According to a new article featured in The Atlantic by journalist Molly Ball, Ron Paul has obviously sold out, and is now batting for the Romney camp. This has been revealed by way of Paul’s recent tendencies toward strongly attacking presidential hopefuls Rick Santorum and Newt Gingrich, while curiously avoiding any similar attacks against the former Massachusetts governor. But just because Ron Paul’s attacks seem obviously (and perhaps justifiably) more focused on Santorum in recent days, does that really mean that his campaign has been “bought” by that of Mitt Romney?
It’s interesting, to say the least, that there does appear to be an obvious congeniality between Romney and Paul. According to the piece featured today in The Atlantic, this is essentially because Romney has been nice to the Texas Congressman, who is subsequently made out to sound like the misfit who was kicked off the playground:
What Paul, who has spent his decades in the House as a political outcast, is essentially saying is this: After all his humiliating years in the political wilderness, someone important has finally been nice to him. Alone among the establishmentarians, Romney has allowed Paul into the sacred clubhouse of legitimacy.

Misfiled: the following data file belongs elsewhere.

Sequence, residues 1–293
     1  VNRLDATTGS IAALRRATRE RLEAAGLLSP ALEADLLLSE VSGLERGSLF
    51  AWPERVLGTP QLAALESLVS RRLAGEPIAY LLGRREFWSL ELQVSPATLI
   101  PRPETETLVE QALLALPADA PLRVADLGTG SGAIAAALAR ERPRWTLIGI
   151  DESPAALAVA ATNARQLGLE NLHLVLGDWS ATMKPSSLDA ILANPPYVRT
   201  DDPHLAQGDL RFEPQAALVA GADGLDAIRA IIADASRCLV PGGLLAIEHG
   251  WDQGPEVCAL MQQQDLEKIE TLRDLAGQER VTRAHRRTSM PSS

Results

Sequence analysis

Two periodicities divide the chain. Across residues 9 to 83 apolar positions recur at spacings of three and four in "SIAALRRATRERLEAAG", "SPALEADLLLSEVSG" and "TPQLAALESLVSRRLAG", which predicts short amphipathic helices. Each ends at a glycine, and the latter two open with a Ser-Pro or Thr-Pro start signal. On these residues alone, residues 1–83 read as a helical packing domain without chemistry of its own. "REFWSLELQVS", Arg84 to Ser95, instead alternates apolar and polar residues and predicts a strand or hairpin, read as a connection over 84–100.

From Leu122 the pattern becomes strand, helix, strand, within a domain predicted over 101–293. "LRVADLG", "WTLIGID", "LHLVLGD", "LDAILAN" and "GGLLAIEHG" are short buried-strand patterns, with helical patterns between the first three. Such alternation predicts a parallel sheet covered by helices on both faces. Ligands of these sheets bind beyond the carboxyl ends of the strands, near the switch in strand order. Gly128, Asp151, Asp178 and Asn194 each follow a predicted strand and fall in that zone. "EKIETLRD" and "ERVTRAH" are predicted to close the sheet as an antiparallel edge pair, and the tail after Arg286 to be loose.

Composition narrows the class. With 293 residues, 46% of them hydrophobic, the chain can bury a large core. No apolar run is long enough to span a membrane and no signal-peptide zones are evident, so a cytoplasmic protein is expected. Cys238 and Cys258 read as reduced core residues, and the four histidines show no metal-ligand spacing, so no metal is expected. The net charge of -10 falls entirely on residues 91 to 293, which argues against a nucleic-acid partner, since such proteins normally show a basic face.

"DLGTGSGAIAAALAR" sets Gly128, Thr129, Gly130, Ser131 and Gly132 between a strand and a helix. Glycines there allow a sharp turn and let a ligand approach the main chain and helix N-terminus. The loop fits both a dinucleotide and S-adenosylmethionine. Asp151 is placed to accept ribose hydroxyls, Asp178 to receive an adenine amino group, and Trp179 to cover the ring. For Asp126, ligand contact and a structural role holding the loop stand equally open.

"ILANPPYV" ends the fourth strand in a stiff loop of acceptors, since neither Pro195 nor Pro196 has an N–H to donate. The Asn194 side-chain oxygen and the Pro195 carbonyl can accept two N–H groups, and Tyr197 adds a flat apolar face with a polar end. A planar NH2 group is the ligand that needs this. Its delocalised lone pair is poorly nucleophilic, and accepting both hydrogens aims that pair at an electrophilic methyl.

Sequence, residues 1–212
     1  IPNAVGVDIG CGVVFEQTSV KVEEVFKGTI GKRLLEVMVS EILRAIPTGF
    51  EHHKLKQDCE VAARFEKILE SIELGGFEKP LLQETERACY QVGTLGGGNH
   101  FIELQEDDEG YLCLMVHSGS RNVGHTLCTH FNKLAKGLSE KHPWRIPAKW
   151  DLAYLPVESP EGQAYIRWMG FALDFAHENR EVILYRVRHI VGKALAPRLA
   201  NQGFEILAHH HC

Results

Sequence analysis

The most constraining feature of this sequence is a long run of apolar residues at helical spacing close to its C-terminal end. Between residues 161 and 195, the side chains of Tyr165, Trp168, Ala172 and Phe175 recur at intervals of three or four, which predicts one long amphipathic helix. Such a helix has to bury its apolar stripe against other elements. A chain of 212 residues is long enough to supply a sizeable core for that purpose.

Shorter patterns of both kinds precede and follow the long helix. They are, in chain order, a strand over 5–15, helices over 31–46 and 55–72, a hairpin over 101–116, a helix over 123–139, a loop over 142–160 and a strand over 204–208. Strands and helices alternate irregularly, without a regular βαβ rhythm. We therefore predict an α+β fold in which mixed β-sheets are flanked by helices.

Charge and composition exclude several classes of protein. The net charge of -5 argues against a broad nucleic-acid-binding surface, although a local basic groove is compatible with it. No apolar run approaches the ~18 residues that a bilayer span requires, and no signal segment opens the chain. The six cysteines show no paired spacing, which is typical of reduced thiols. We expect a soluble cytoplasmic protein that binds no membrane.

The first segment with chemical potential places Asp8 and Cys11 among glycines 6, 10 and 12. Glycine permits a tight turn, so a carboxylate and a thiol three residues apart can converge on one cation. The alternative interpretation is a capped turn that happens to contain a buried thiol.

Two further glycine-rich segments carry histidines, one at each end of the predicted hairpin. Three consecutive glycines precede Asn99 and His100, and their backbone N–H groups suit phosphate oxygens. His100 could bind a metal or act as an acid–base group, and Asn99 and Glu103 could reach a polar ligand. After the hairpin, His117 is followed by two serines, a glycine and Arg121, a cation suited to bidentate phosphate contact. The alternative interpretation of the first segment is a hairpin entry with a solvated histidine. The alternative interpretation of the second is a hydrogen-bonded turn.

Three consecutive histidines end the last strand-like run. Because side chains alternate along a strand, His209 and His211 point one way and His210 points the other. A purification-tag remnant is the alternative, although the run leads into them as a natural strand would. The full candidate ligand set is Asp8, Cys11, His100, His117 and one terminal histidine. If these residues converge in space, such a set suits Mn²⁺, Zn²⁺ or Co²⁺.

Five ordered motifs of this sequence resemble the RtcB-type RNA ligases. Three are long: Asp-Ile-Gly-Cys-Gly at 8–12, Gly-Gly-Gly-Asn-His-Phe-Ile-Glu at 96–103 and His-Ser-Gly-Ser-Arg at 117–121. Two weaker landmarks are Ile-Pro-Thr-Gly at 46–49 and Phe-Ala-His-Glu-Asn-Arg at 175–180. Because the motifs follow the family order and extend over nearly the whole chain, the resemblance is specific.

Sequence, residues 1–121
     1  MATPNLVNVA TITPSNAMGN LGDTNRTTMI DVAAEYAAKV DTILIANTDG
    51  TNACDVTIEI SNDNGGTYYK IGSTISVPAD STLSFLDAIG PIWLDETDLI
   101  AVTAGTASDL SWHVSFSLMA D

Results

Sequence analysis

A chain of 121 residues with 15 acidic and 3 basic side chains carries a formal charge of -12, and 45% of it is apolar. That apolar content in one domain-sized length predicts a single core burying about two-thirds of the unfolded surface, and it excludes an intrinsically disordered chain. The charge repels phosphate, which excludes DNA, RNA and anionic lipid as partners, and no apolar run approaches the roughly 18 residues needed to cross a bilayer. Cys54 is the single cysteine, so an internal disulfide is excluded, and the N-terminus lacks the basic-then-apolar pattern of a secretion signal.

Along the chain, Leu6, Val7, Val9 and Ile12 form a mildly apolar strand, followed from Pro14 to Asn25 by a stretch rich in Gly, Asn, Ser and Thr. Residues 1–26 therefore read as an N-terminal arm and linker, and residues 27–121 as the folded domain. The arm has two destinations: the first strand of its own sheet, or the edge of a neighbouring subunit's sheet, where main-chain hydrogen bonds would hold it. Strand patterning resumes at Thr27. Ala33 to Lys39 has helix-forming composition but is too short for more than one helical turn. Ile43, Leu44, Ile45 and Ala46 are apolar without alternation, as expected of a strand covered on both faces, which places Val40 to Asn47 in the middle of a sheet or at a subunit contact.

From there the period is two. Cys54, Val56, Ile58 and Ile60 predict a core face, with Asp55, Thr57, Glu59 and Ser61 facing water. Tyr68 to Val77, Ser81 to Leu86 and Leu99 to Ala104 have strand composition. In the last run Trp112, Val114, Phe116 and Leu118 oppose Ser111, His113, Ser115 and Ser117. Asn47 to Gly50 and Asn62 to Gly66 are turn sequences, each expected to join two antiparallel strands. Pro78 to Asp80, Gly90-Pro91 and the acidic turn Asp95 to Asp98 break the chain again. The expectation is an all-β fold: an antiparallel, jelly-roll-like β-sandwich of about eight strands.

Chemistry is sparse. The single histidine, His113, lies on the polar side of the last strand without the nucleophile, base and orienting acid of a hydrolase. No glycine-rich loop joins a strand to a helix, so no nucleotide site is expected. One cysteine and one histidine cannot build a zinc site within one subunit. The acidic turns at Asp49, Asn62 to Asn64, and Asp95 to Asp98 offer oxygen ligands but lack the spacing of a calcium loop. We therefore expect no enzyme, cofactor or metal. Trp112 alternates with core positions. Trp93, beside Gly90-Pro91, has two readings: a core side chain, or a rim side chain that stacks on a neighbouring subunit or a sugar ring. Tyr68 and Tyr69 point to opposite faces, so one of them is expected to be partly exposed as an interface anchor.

Rife throughout the piece are also a number of assertions that Paul seldom ever attacks Romney directly; and yet, somewhat contrary to this, an email sent out by the Ron Paul Campaign earlier today not only attacked Romney (along with the other remaining GOP hopefuls), but listed him first among criticisms of each man’s background on economic principles:
Whether it’s the $700 billion TARP bailout, traditional marriage, abortion, the Second Amendment, or taxes and spending, Mitt Romney has been on both sides of virtually every issue important to conservative voters.
From supporting TARP, to Cap-and-Tax, to the individual mandate central to “ObamaCare,” to getting paid $1.6 million by Freddie Mac to keep the housing bubble expanding, the truth is, Newt Gingrich has a record even Barack Obama would be proud of.
Rick Santorum voted to DOUBLE the size of the Department of Education, give millions of taxpayer dollars to Planned Parenthood, and even voted with Big Labor against a National Right to Work Act to end forced union dues nationwide.
Also of interest, in the very same Atlantic piece, Ron Paul’s campaign chairman, Jesse Benton, is quoted stating that his campaign and Romney’s aren’t “fishing from the same pond” in terms of votes. But could that change on down the road? Most certainly… especially in the event that Santorum and Gingrich were removed from the fray… a prospect which seems unlikely, considering each man’s resolute attitude toward sticking things out until this August. But even if all four hang in there until the GOP nominate their candidate, Ron Paul’s attitudes toward Mitt Romney at present may have less to do with soft-peddling the man his supporters should view as his chief rival; but will attacking the other underdogs prove to be any more effective as a campaign strategy?
Image by Chris Meller via Flickr.